Ward Benjamin Tate v. Carolyn W. Colvin

Filing 25

MEMORANDUM OPINION AND ORDER by Magistrate Judge Rozella A. Oliver. IT IS ORDERED that Judgment shall be entered REVERSING the decision of the Commissioner denying benefits, and REMANDING the matter for further proceedings consistent with this Order. (sbu)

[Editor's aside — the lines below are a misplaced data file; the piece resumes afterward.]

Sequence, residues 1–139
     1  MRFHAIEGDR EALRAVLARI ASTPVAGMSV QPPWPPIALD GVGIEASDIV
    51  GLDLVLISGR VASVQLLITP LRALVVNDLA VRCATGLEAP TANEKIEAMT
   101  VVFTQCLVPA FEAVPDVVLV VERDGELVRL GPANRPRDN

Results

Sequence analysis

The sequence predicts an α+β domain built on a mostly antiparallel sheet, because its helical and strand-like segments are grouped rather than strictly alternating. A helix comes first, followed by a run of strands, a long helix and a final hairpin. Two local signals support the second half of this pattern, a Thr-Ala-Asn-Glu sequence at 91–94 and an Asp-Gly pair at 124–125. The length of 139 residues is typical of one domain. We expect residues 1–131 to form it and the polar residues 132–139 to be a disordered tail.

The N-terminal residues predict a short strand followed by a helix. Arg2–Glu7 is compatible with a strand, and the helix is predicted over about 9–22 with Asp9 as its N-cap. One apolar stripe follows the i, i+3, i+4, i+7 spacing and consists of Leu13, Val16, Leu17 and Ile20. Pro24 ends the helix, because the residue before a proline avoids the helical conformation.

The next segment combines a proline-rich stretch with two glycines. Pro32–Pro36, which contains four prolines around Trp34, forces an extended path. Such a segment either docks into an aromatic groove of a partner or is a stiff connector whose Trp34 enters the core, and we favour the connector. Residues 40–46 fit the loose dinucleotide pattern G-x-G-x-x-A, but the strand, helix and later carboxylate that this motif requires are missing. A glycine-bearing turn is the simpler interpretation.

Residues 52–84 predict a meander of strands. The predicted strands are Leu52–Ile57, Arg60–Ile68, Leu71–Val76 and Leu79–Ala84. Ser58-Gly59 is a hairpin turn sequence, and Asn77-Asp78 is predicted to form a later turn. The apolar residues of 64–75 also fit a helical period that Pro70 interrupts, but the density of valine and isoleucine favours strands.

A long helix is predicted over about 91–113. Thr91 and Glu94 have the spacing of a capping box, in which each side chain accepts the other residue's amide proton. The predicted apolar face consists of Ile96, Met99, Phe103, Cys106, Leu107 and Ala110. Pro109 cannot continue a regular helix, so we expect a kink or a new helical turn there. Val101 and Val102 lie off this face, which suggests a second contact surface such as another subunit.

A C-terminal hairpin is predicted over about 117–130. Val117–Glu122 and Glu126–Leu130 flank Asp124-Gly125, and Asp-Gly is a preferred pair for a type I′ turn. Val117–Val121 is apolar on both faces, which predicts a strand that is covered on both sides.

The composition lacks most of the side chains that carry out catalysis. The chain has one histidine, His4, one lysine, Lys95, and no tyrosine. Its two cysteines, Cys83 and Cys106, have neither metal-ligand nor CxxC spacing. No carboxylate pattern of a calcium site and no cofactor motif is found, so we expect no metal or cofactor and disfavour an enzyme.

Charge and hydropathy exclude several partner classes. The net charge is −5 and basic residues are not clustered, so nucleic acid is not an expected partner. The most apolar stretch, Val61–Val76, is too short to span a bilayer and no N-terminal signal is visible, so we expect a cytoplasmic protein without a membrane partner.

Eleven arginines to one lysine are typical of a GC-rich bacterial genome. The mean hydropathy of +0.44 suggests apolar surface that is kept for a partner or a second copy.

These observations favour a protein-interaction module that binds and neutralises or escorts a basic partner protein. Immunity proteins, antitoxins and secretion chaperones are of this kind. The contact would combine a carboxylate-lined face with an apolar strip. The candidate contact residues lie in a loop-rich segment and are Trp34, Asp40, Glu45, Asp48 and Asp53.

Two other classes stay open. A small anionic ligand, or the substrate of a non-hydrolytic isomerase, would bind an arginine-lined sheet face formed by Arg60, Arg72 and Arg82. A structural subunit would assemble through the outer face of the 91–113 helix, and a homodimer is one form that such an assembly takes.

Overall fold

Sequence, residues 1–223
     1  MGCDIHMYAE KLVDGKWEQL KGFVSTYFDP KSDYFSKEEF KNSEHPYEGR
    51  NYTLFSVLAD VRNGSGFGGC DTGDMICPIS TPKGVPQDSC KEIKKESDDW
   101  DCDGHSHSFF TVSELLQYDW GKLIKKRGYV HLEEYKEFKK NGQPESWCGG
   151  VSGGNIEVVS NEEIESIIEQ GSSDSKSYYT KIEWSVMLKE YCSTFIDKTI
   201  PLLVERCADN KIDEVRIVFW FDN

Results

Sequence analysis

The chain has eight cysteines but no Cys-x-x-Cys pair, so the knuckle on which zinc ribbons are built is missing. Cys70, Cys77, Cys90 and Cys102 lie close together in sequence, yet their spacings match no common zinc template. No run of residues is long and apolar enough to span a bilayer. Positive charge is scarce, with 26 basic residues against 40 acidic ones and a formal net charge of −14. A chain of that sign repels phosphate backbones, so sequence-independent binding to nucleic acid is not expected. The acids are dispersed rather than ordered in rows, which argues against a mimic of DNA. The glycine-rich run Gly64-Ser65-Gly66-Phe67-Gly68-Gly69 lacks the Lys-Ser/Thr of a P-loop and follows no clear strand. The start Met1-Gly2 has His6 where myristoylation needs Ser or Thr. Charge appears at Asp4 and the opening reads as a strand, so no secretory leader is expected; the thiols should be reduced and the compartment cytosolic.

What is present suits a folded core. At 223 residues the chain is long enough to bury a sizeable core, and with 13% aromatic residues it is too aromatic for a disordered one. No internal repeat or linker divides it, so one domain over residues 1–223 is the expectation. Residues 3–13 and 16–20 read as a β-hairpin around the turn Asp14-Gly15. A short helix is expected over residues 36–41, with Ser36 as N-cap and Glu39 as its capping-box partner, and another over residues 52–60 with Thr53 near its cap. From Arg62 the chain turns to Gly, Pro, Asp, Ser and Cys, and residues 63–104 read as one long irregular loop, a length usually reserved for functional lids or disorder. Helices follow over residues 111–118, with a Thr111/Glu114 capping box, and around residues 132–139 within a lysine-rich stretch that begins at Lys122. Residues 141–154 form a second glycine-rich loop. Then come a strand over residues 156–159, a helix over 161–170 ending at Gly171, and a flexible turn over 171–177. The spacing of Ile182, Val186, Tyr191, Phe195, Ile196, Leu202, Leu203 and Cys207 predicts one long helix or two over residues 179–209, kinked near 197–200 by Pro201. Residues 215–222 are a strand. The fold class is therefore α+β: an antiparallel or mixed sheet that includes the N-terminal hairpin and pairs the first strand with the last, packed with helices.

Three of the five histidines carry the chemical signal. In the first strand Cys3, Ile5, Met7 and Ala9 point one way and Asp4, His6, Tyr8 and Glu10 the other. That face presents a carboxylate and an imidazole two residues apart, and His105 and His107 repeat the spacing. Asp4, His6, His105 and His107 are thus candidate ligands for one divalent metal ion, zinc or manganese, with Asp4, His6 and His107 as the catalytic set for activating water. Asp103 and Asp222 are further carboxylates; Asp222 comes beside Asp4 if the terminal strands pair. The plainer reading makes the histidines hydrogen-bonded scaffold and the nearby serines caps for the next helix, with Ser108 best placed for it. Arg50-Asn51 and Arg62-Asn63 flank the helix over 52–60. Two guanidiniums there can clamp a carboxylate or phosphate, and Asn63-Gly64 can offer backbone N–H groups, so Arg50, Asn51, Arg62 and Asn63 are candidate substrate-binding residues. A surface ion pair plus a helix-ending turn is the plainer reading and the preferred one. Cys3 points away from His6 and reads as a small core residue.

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1 2 3 4 5 6 7 8 UNITED STATES DISTRICT COURT 9 CENTRAL DISTRICT OF CALIFORNIA 10 11 WARD BENJAMIN TATE, 12 Plaintiff, 13 14 15 Case No. CV 16-00858-RAO v. NANCY A. BERRYHILL, Acting Commissioner of Social Security, MEMORANDUM OPINION AND ORDER Defendant. 16 17 18 19 20 21 Plaintiff Ward Benjamin Tate (“Plaintiff”) challenges the Commissioner’s1 denial of his application for disability insurance benefits (“DIB”) and supplemental security income. For the reasons stated below, the decision of the Commissioner is REVERSED. 22 23 24 25 Plaintiff contends in his appeal that the ALJ failed to properly consider Plaintiff’s testimony and make proper credibility findings. Specifically, Plaintiff challenges the ALJ’s determination that Plaintiff was “mentally limited to ‘unskilled work; simple routine tasks in a nonpublic setting with only occasional 26 27 28 1 Pursuant to Rule 25(d) of the Federal Rules of Civil Procedure, Nancy A. Berryhill, the current Acting Commissioner of Social Security, is hereby substituted as the defendant herein. 1 superficial contact with coworkers and occasional non-intense contact with 2 supervisors; no fast-paced work; no work requiring hypervigilance or watching out 3 for the safety of others; and work in a static environment.’” (Joint Stip. at 4-5.) 4 An ALJ need not accept a claimant’s statements as to subjective pain or 5 symptoms, but can reject them for clear and convincing reasons. Lester v. Chater, 6 81 F.3d 821, 834 (9th Cir. 1995). “In assessing the credibility of a claimant’s 7 testimony regarding subjective pain or the intensity of symptoms, the ALJ engages 8 in a two-step analysis.” Molina v. Astrue, 674 F.3d 1104, 1112 (9th Cir. 2012) 9 (citing Vasquez v. Astrue, 572 F.3d 586, 591 (9th Cir. 2009)). “First, the ALJ must 10 determine whether the claimant has presented objective medical evidence of an 11 underlying impairment which could reasonably be expected to produce the pain or 12 other symptoms alleged.” Treichler v. Comm’r of Soc. Sec. Admin., 775 F.3d 1090, 13 1102 (9th Cir. 2014) (quoting Lingenfelter v. Astrue, 504 F.3d 1028, 1036 (9th Cir. 14 2007)) (internal quotation marks omitted). If so, and if the ALJ does not find 15 evidence of malingering, the ALJ must provide specific, clear and convincing 16 reasons for rejecting a claimant’s testimony regarding the severity of his symptoms. 17 Id. The ALJ must identify what testimony was found not credible and explain what 18 evidence undermines that testimony. Holohan v. Massanari, 246 F.3d 1195, 1208 19 (9th Cir. 2001). “General findings are insufficient.” Lester, 81 F.3d at 834. 20 Here, the ALJ found Plaintiff’s statements partially credible. (AR 24.) In so 21 doing, the ALJ relied on the following reasons: (1) despite statements that Plaintiff 22 “does not engage in activities of daily living, he testified that he can perform self- 23 care ok and can drive . . . if necessary”; (2) Plaintiff “has no earnings since 2002” 24 and tried the antique business, which failed; (3) Plaintiff “has become dependent 25 upon his wife, financially and otherwise”; (4) “there is some evidence of drug- 26 seeking behavior”; (5) Plaintiff “has not received mental health treatment in over a 27 year”; and (6) Plaintiff was able to “interact appropriately and understand and 28 answer questions” at the hearing. (AR 24.) No malingering allegation was made, 2 1 and therefore, the ALJ’s reasons must be “clear and convincing.” 2 First, the ALJ found that Plaintiff was able to perform self-care and can drive 3 if necessary. (AR 24.) Inconsistencies between symptom allegations and daily 4 activities may act as a clear and convincing reason to discount a claimant’s 5 credibility, see Tommasetti v. Astrue, 533 F.3d 1035, 1039 (9th Cir. 2008); Bunnell 6 v. Sullivan, 947 F.2d 341, 346 (9th Cir. 1991), but a claimant need not be utterly 7 incapacitated to obtain benefits. Fair v. Bowen, 885 F.2d 597, 603 (9th Cir. 1989). 8 The fact that Plaintiff can perform self-care and drive when necessary does not 9 detract from his overall credibility, as the record does not show that these activities 10 consumed a substantial part of Plaintiff’s day. See Vertigan v. Halter, 260 F.3d 11 1044, 1050 (9th Cir. 2001). Further, the mere ability to perform some daily living 12 activities is not necessarily indicative of an ability to perform work activities 13 because “many home activities are not easily transferable to what may be the more 14 grueling environment of the workplace, where it might be impossible to 15 periodically rest or take medication.” Fair, 885 F.2d at 603; see also Molina, 674 16 F.3d at 1112-13 (the ALJ may discredit a claimant who “participat[es] in everyday 17 activities indicating capacities that are transferable to a work setting”). The Court 18 finds that this reason is not a clear and convincing reason, supported by substantial 19 evidence, to discount Plaintiff’s credibility. 20 While not explained fully in the decision, the Court construes the ALJ’s 21 second and third reasons – Plaintiff has had no earnings since 2002, a failed antique 22 business, and dependence on his wife – as a reference to Plaintiff’s work history. A 23 poor work history may constitute a proper reason for discounting a claimant’s 24 testimony. See Thomas v. Barnhart, 278 F.3d 947, 959 (9th Cir. 2002) (holding 25 ALJ’s finding that claimant had “extremely poor work history” and showed “little 26 propensity to work in her lifetime . . . negatively affected her credibility”). Here, 27 however, Plaintiff’s work history does not demonstrate “little propensity to work.” 28 To the contrary, the history shows that Plaintiff attempted to run his own business, 3 1 but ultimately had to file bankruptcy. These facts do not equate to “little propensity 2 to work,” which an ALJ can reasonably rely on in making an adverse finding 3 regarding a claimant’s credibility. Accordingly, the Court finds these reasons are 4 not clear and convincing ones supported by substantial evidence. 5 The ALJ found some evidence of drug-seeking behavior and cited this as a 6 reason for discrediting Plaintiff’s testimony. The record supports the ALJ’s 7 statements, specifically, medical records report that Plaintiff’s treating physicians 8 wanted him to “detox off his sedative/hypnotics” (AR 331). See also AR 310 9 (“[p]laintiff probably needs inpatient detoxification treatment”). This was a clear 10 and convincing reason for the ALJ to discount Plaintiff’s credibility. Gray v. 11 Comm’r of Soc. Sec., 365 Fed. App’x. 60, 63 (9th Cir. 2010) (evidence of drug- 12 seeking behavior is a valid reason for discrediting a claimant’s statements); Morton 13 v. Astrue, 232 Fed. App’x 718, 719 (9th Cir. 2007) (drug-seeking behavior is a 14 valid reason for questioning a claimant’s credibility). 15 Next, the ALJ relied on the fact that Plaintiff has not received mental health 16 treatment in over a year as another reason for discrediting him. In evaluating the 17 credibility of a claimant, an ALJ may consider, among other factors, “unexplained 18 or inadequately explained failure to seek treatment or to follow a prescribed course 19 of treatment.” Fair v. Bowen, 885 F.2d 597, 603 (9th Cir. 1989). But “[w]here a 20 claimant provides evidence of a good reason for not taking medication for her 21 symptoms, her symptom testimony cannot be rejected for not doing so.” Smolen v. 22 Chater, 80 F.3d 1273, 1284 (9th Cir. 1996); see also Carmickle v. Commissioner, 23 Social Security Admin., 533 F.3d 1155, 1162 (9th Cir. 2008) (same). When asked 24 by the ALJ why he no longer gets mental health treatment, Plaintiff answered: 25 “Number one, I couldn’t afford it” because “I had no insurance.” 26 Plaintiff then explained that he “just got” Medi-Cal and indicated that he was now 27 trying to get counseling. (AR 38-39.) It is well settled in social security appeals 28 that the “failure to receive medical treatment during the period that [a claimant] had 4 (AR 38.) 1 no medical insurance cannot support an adverse credibility finding.” Orn v. Astrue, 2 495 F.3d 625, 638 (9th Cir. 2007). The Court finds this reason is not a clear and 3 convincing one supported by substantial evidence. Finally, the ALJ noted that Plaintiff’s interactions at the hearing were 4 5 appropriate and that he understood and answered questions. 6 substitute medical evidence with his own judgment, and such speculation cannot 7 support an inference on which an ALJ’s credibility determination depends.” 8 Thibeaux v. Berryhill, SA CV 16-0952 AS, 2017 WL 1946307, at * 9 (C.D. Cal. 9 May 10, 2017) (citing Day v. Weinberger, 522 F.2d 1154, 1156 (9th Cir. 1975)). In 10 discrediting Plaintiff’s testimony based on his ability to answer questions at the 11 hearing, the ALJ substituted her judgment for the medical opinions in the record. 12 This was improper. See Miller v. Astrue, 695 F.Supp.2d 1042, 1048 (C.D. Cal. 13 2010). In sum, the ALJ did not give clear and convincing reasons, supported by 14 15 “An ALJ cannot substantial evidence, for discounting Plaintiff’s credibility. 16 Because further administrative review could remedy the ALJ’s error, remand 17 for further administrative proceedings, rather than an award of benefits, is 18 warranted here. See Brown-Hunter v. Colvin, 806 F.3d 487, 495 (9th Cir. 2015) 19 (remanding for an award of benefits is appropriate in rare circumstances). On 20 remand, the ALJ shall reassess Plaintiff’s subjective allegations and either credit his 21 testimony as true, or provide specific, clear and convincing reasons, supported by 22 substantial evidence in the record, for discounting or rejecting any testimony. 23 /// 24 /// 25 /// 26 /// 27 /// 28 /// 5 1 IT IS ORDERED that Judgment shall be entered REVERSING the decision 2 of the Commissioner denying benefits, and REMANDING the matter for further 3 proceedings consistent with this Order. 4 5 IT IS FURTHER ORDERED that the Clerk of the Court serve copies of this Order and the Judgment on counsel for both parties. 6 7 8 DATED: July 31, 2017 ROZELLA A. OLIVER UNITED STATES MAGISTRATE JUDGE 9 10 11 12 NOTICE THIS DECISION IS NOT INTENDED FOR PUBLICATION IN WESTLAW, LEXIS/NEXIS, OR ANY OTHER LEGAL DATABASE. 13 14 15 16 17 18 19 20 21 22 23 24 25 26 27 28 6